For our vacation a few weeks ago, we took a cruise in the Caribbean. The ship was one of the larger ones in service, with thousands of guests, thousands of crew members, and a daily activity list that took over a full page.
Large cruise ships are like floating cities — just better managed. The complexity of the endeavor is almost hard to fathom, and cruise lines understand that their competitive advantage lies in creating memorable and unique customer experiences.
Of course, the cruise lines sell products, excursions, drinks, and a host of other items, but none of those individually are why people go on cruises. The experience of cruising is the product, and it had better deliver across the board.
With such a focus on creating great experiences, I was able to find a number of customer experience lessons in my recent voyage.
Cruise lines, like many organizations, are learning to do more with less. The “orchestra” in many cases was a three or five piece band, and they were able to create grand showstopping music using a handful of live musicians and pre-recorded tracks. (My father and I are musicians, so we noticed, but it is doubtful many people did.)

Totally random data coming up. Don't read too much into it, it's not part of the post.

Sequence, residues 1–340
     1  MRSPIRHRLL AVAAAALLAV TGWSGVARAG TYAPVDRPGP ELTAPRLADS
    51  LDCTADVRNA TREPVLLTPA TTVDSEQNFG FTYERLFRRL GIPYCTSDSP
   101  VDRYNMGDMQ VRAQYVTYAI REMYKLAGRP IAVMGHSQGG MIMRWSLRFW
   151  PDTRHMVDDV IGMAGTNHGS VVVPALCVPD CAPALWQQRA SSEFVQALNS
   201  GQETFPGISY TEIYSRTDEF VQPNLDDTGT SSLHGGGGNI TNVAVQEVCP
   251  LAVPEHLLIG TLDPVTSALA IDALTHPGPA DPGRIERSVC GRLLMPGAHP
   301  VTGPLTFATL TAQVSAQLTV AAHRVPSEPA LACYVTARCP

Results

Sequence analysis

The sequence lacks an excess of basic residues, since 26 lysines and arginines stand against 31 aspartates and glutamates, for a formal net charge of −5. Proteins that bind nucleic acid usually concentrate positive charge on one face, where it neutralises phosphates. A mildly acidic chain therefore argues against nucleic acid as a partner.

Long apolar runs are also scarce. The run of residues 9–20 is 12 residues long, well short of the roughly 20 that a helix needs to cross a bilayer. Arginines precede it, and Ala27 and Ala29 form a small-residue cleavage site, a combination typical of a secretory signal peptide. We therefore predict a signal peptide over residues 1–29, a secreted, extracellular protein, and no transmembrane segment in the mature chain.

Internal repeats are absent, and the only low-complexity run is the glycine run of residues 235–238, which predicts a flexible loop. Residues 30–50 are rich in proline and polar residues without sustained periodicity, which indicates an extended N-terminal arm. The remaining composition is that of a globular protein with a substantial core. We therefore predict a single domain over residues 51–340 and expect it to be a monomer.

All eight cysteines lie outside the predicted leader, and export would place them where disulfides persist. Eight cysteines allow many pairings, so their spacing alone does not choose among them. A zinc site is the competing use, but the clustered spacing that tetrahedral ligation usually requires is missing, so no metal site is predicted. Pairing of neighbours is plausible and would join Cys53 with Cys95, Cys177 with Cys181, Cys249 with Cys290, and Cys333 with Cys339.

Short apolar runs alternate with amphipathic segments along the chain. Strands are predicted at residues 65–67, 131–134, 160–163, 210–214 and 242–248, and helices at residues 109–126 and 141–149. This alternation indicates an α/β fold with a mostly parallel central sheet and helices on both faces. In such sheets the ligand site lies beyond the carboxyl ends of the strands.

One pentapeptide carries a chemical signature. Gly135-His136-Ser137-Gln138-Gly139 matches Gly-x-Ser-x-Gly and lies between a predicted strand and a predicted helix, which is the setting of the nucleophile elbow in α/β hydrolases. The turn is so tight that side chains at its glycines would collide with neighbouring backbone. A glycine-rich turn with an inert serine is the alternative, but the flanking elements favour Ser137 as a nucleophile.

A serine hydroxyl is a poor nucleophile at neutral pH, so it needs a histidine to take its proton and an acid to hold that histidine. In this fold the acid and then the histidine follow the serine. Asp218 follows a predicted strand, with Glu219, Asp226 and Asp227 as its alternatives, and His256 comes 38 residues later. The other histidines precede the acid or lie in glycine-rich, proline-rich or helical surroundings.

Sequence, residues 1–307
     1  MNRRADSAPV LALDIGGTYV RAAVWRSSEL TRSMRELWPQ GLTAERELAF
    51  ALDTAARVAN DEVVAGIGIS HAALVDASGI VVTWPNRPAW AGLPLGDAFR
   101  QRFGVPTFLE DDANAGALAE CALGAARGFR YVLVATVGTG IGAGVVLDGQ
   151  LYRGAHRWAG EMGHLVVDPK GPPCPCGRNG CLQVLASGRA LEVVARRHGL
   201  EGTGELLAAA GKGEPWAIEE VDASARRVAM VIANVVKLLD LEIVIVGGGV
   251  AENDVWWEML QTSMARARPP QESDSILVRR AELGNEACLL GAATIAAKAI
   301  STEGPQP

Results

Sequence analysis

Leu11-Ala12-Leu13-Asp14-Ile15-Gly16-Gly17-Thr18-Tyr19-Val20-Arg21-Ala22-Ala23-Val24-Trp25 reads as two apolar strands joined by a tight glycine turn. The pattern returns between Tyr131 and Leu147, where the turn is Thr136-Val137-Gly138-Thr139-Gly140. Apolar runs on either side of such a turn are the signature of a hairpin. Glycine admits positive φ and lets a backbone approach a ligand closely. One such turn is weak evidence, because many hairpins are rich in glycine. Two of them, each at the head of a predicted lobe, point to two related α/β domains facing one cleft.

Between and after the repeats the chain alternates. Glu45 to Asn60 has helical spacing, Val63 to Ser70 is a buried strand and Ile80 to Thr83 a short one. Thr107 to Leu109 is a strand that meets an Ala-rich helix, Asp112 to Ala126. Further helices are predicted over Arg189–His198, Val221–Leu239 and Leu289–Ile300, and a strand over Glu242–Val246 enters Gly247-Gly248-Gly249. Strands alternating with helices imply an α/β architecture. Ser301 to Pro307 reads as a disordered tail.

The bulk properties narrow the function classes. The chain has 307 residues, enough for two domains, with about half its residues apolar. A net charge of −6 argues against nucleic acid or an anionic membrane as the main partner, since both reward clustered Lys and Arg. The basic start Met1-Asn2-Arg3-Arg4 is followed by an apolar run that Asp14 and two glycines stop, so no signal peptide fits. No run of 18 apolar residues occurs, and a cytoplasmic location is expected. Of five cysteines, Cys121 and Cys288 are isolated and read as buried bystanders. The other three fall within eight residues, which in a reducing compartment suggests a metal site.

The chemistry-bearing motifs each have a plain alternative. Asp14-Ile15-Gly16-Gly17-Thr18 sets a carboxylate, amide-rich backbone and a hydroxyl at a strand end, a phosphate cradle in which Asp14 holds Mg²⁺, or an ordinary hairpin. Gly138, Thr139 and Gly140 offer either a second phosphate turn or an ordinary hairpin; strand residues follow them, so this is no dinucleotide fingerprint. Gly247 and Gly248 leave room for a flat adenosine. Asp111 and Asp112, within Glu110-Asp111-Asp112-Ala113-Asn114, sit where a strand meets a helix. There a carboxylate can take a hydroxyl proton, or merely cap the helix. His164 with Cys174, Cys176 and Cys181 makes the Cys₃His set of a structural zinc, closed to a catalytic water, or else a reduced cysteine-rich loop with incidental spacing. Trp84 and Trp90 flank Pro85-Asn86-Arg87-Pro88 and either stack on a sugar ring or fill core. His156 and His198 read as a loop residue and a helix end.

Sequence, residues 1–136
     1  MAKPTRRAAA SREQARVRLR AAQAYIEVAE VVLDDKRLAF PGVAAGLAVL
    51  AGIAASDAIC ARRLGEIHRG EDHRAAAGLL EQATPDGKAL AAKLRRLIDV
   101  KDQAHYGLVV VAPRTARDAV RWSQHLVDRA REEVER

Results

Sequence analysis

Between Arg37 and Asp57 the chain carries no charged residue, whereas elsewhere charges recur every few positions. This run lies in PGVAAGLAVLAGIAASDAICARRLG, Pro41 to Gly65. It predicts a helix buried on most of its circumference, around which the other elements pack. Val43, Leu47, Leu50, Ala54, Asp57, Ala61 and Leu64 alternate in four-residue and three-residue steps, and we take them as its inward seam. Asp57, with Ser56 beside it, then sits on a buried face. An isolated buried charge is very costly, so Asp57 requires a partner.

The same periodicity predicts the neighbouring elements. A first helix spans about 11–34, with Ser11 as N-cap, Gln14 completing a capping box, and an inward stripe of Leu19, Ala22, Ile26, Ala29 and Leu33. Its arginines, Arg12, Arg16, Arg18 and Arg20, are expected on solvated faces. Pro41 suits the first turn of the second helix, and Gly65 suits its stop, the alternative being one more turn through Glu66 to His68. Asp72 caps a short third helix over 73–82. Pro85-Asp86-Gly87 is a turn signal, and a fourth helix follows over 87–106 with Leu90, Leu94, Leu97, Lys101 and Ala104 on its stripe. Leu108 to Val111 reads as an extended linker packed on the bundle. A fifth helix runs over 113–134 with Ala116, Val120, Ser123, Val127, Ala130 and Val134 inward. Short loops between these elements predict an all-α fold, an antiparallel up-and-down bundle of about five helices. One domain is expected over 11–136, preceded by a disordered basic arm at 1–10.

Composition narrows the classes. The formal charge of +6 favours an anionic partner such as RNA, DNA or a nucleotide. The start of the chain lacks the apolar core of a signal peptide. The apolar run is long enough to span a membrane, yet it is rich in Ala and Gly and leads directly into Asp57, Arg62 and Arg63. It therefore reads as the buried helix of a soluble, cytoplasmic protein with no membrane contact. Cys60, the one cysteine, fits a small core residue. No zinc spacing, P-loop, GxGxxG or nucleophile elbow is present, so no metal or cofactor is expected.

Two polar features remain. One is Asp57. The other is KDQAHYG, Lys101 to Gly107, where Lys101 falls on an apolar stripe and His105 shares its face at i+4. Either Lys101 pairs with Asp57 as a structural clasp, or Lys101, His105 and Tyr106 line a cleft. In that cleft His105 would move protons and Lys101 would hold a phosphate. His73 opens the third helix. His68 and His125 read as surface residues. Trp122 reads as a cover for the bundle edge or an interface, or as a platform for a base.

Also, musicians did multiple duty, moving from bar to lounge to theater. The wait staff was similarly shuffled, moving from restaurant to restaurant, working a breakfast shift at one, a lunch shift at another.
From the moment they go to sea, all ships are in a race against time. The merciless pounding of waves, the never-ending deterioration from salt, and the wear and tear that comes from constant use means that every ship will eventually wear down. That is why cruise lines obsessively maintain their ships. Ships are washed constantly, repainted regularly, and overhauled at specific intervals.
Doing business might not be as unforgiving as sailing the seas, but it wears our organizations down too. Computers need optimizing, storefronts need refreshing, and employees need retraining.
Every organization has safety, liability and regulatory concerns with which to contend. Obviously, on a cruise ship, safety is paramount and, at times, must supersede the customer’s happiness. The takeaway is how focused cruise lines are on making sure that safety impinges upon the guest experience as little as possible.